The Jalen-Chris saga is a tad more complicated than that–and one that may not be as one-sided as you suggest.

          • Guest

            That has nothing to do with the list which is about their on court achievement

  • JJ3ball

    Okay I’ll play. Off the top of my head and in no particular order
    Rudy T
    Glen Rice
    Ricky Green
    Phil Hubbard
    Gary Grant
    Jamal Crawford
    Trey Burke
    Roy Tarpley

  • PeteM

    It’s hard to compare players (or remember them accurately) from different eras but Webber is the player I’ve ever seen. He had a size and strength of a Graham Brown (odd comparison I know) with incredible scoring ability inside. He could also handle the ball. That said, I never saw Cazzie play so he may have been better and I can’t compare. Here’s my list (mid-70s on so Cazzie, Buntin, Rudy are not included):

    1. Webber
    2. Trey
    3. Ricky Green
    4. Jalen
    5. Rice
    6. Grant
    7. Juwan
    8. Hardaway
    9. Hubbard
    10. Vaught

    Honorble mention — Daniel Horton/Jamal Crawford both of whom made some tough years more entertaining.

  • bacon141

    Born in 89, so I can only go by players I’ve seen in my life or multiple games of through ESPN Classic, BTN and Youtube. So that really just limits it to the 89 title team to present.

    1. Webber
    2. Rice
    3. Burke
    4. Rose
    5. Howard
    6. Blanchard
    7. Mills
    8. Crawford
    9. Vaught
    10. King

    • Indiana_Matt

      Blanchard is underrated in my opinion.

  • Terrance Taylor

    I gotta go with my native detroiters
    1. Chris Webber
    2. Jalen Rose
    3. Glen Rice
    4. Trey Burke
    5. Nik Stauskas
    6. “Sweet Lou” Bullock (which I patterned my j)
    7. Jamal Crawford
    8. Mo Taylor
    9. Mitch McGary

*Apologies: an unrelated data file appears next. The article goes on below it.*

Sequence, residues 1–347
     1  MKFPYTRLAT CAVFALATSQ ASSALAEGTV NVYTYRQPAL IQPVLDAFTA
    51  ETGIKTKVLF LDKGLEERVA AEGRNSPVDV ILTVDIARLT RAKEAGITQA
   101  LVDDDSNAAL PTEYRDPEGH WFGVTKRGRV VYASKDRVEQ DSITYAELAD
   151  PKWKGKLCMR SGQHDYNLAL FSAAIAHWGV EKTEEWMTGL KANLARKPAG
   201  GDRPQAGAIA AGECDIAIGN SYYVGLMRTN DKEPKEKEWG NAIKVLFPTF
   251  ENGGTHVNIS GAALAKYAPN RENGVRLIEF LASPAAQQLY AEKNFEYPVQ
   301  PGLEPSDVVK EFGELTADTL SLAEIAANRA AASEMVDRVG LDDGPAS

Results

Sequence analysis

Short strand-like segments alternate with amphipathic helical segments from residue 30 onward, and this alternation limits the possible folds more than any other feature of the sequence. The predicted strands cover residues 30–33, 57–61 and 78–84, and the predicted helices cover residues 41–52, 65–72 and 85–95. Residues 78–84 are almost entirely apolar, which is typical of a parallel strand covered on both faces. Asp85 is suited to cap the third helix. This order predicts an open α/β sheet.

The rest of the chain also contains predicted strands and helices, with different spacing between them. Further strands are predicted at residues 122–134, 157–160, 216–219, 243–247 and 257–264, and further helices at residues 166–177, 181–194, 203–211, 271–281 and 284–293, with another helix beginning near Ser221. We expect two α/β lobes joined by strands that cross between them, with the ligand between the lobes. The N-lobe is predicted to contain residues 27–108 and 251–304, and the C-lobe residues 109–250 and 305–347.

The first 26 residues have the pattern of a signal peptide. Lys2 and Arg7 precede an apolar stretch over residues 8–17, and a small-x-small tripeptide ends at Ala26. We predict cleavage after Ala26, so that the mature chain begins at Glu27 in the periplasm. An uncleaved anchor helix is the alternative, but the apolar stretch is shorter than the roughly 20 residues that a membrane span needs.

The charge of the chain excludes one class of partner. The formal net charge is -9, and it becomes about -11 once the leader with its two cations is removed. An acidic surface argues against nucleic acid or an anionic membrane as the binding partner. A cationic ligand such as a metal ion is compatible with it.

10. Manny Harris

    Manny had so much potential & skill,it’s kind of strange how he didn’t sustain a NBA
    Carrier. Same goes for “Peedy”. Guess it’s just the nature of the business,oh well.

    • Indiana_Matt


  • Corperryale

    Not enough love for the late, great Robert “Tractor” Traylor on these lists. Guy was a load down low with some of the softest hands in the game. He was a unique player and great to watch.

  • Bigrange

    I think Lavell Blanchard needs to be on the list. He played during a rough stretch of Michigan basketball but produced every year.

    • Indiana_Matt

      I put him on my list. He was an all-B1G section of some sort all 4 years.

  • Fab 5 Legends

    Glen Rice & Rumeal Robinson were deadly combination…CWEBB was the most gifted – if it wasnt for him the Fab 5 would not be the same…Trey Burke is my all time favorite Michigan – his height and determination was unreal – and since he brough Michigan recent success lol

  • A2JD

    I started watching Michigan regularly around 1983, so I can rank my top 10 in that context:
    1. Glen Rice
    1a. Chris Webber (this is a toss-up)
    3. Trey Burke
    4. Gary Grant
    5. Jalen Rose
    6. Roy Tarpley
    7. Rumeal Robinson
    8. Juwan Howard
    9. Loy Vaught
    10. Terry Mills/Nik Stauskas

    Honorable Mention: TH Jr., Mitch, Joubert, Jimmy King, Traylor, Taylor, Bullock, RayJack, & Zack Novak, for all he brought. Crawford would be top-10 if he’d played more than half a season. Thanks, NCAA.

  • Kevin Gilbert

    How do so many of these lists leave off Jamal Crawford?! I was a student when Crawford was a Freshman, and until the NCAA ran him out of college basketball with TWO suspensions that would ultimately (too late) be unfounded, he was tearing apart every defense that went up against him. Had he finished the season he most likely would’ve stayed for at least another year and would be a no brainer for these lists. Arguably one of the best Michigan NBA careers besides of course for C. Webb and Glen Rice. Before Crawford’s year was cut way too short, Michigan had the highest scoring average in the country as a team.

  • jihadist john™

    like most, i never saw cazzie play, but IMO, you have to put rice on top of the mountain…he was more responsible than anybody else (on a team with EIGHT pros) for the one banner at crisler which is more important than the rest combined…you have to give the nod to the leader of the team which gave us the ultimate magic carpet ride and payoff…i also have an issue with gary grant not being consensus top 5 and tarpley being excluded at all…that ’84-85 team would whoop any other UM team in a best-of-7…they more than earned their #1 seed and it still bothers me to this day that they had to be the second round opponent of that massimino villanova squad which went three weeks without missing a shot (just like glen rice)